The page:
Staying Home

This week’s Dream English Course looks at literature that portrays how women live during times of war, when they are not part of the fight but trying to maintain normalcy during turbulence. I tried to find a range of experiences: different ages, different wars, different countries. And different levels of involvement. Pride and Prejudice barely mentions the wars, while Gone with the Wind is right in the thick of it. The goal is to determine how cultures and lifestyles change during war through a female perspective.

Staying Home


Unit I: Two Sides of the Same Coin (7 weeks)

Texts: Little Women by Louisa May Alcott, Gone with the Wind by Margaret Mitchell

Questions: How does Jo’s experience of the Civil War differ from Scarlett’s? How does war affect their romantic lives? What is the most important to them? How dramatically does the end of the war change their lives?


Unit II: Maintaining Class (3 weeks)

Texts: Pride and Prejudice by Jane Austen, Mrs. Dalloway  by Virginia Wolf

Questions: How much of high society can the characters maintain during/after war? What can’t they maintain? How much does the war affect their daily lives? Does it affect the male characters more than the female characters? Why are the social structures so important to the characters?


Unit III: Flirting with the Enemy (3 weeks)

Texts: Summer of My German Soldier by Bette Greene, Corelli’s Mandolin by Louis de Bernieres

Questions: How do the areas react to the foreign presence? Under what circumstances are the foreign soldiers there? How do the main characters develop relationships with the soldiers? How do others react to their relationship? What else changes because of their presence?


Unit IV: Adapting

Texts: Memoirs of a Geisha by Arthur Golden, Man by Kim Thuy, Small Island by Andrea Levy

Questions: How does war change the characters’ lives? What decisions do they make that they would not otherwise? Do these decisions keep them safe? What role do secrets play in these novels? How do the characters view the enemy? What parts of their cultures do they hold on to?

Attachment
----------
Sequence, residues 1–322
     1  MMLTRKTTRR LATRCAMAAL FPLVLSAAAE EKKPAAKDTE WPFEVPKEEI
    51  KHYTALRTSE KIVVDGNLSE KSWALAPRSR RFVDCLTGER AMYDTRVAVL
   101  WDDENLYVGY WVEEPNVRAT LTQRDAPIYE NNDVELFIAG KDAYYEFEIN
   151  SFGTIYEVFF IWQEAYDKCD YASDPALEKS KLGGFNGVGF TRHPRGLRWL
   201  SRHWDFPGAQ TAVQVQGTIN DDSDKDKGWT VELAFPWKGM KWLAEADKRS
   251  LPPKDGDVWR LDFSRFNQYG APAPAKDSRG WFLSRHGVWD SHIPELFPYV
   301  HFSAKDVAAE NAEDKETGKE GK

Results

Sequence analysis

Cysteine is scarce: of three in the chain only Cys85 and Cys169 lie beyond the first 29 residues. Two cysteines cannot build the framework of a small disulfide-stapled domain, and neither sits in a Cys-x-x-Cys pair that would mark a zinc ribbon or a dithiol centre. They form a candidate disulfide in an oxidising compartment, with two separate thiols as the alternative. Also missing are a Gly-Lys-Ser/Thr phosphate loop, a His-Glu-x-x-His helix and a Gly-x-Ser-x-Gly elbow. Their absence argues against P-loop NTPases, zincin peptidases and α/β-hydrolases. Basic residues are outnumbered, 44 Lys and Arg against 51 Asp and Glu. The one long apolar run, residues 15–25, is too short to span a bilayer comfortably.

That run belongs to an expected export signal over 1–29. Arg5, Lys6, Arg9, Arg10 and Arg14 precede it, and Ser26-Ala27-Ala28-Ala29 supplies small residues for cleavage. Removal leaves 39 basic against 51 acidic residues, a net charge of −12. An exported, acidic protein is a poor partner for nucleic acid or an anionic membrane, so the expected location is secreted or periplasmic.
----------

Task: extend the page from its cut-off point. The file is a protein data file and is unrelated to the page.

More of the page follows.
Book Pairing of the Week? – Man

Man has it been a long week! But now it’s Friday, and while part of me just wants to binge RuPaul’s Drag Race and play computer games from last decade, part of me knows that I have to write about what I’m reading this week. Not to mention Man by Kim Thuy (there should be the lil squiggly above the “a” but I don’t know how to do that and Friday night is not when I want to figure it out) would be a complete disservice to the work, which I read in one day. I read that book while hungry, which is usually a big turn-off for me.

Truly, the book synopsis does a disservice to the work. While there is indeed one arranged marriage, one steamy love affair, and lots of food, there is also a beautiful look at mother-daughter relations and survival. I found those parts to be far more important. Maybe because I’m obsessed with how women function in a family. Whatever.

All the talk about the Vietnamese restaurant made me want pho. So I ordered it. Now, I know that last week I ordered sushi, so it feels a little like cheating. But I don’t presume to know anything about making up a pho. That would be a disaster. I ain’t proud. And what else do you want when reading Man? Nothing. Nothing I tell you!

Now, back to my Drag Race.

A Touch of Communism

After taking my own Labor Day break from Book Pairing of the Week (never fear…I’ll do one later this week), I’m back with a brand new English course! This week, I’m looking at Communism, both as a setting for literature around the world and as a philosophical debate in America. The first unit is all about shorter works that focus on many different characters and many different stories, all of which have different relationships to Communism. The second unit takes a deeper look at families who undergo a revolution. The third unit looks at the debate over Communism from an American perspective (of course), and the course ends with 1984 (because it would simply be a sin not to) and a lovely discussion about the likelihood of an Orwellian future. This is not a philosophy or economics course, so I did not include any Marx or other philosophers. Mostly, it’s about how Communism as social change and social structure affects people.

Also, I’d like to say that I use The House of the Spirits a lot for these, but it encompasses so much that I want to talk about! I am aware of it. I just don’t care.


A Touch of Communism 


Unit I: Glimpses of Life (2 weeks)

Texts: The Book of Laughter and Forgetting by Milan Kundera, Man by Kim Thuy

Unit II: Changing Times (4 weeks)

Texts: Spring Moon by Bette Bao Lord, The House of the Spirits by Isabel Allende

Unit III: The Debate in America (10 weeks)

Texts: Living My Life by Emma Goldman, The Grapes of Wrath by John Steinback, The Jungle by Upton Sinclair, Atlas Shrugged by Ayn Rand

Unit IV: The Future is Now?

Text: 1984


Questions: What are the characters’ relationships to Communism? How does it change their way of life? What does it not affect? How do the authors represent Communism? From what social position do the characters make their judgment?